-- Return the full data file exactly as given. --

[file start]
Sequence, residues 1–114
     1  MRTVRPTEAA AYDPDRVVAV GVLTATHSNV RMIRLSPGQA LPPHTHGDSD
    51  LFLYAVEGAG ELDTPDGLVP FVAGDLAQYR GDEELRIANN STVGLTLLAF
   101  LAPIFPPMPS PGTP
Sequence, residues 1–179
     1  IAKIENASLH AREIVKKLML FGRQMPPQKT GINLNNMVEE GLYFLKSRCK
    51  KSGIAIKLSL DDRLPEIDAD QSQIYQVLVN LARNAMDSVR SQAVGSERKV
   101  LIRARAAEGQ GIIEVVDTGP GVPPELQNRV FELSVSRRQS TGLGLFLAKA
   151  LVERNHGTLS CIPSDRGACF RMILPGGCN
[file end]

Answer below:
Sequence, residues 1–114
     1  MRTVRPTEAA AYDPDRVVAV GVLTATHSNV RMIRLSPGQA LPPHTHGDSD
    51  LFLYAVEGAG ELDTPDGLVP FVAGDLAQYR GDEELRIANN STVGLTLLAF
   101  LAPIFPPMPS PGTP
Sequence, residues 1–179
     1  IAKIENASLH AREIVKKLML FGRQMPPQKT GINLNNMVEE GLYFLKSRCK
    51  KSGIAIKLSL DDRLPEIDAD QSQIYQVLVN LARNAMDSVR SQAVGSERKV
   101  LIRARAAEGQ GIIEVVDTGP GVPPELQNRV FELSVSRRQS TGLGLFLAKA
   151  LVERNHGTLS CIPSDRGACF RMILPGGCN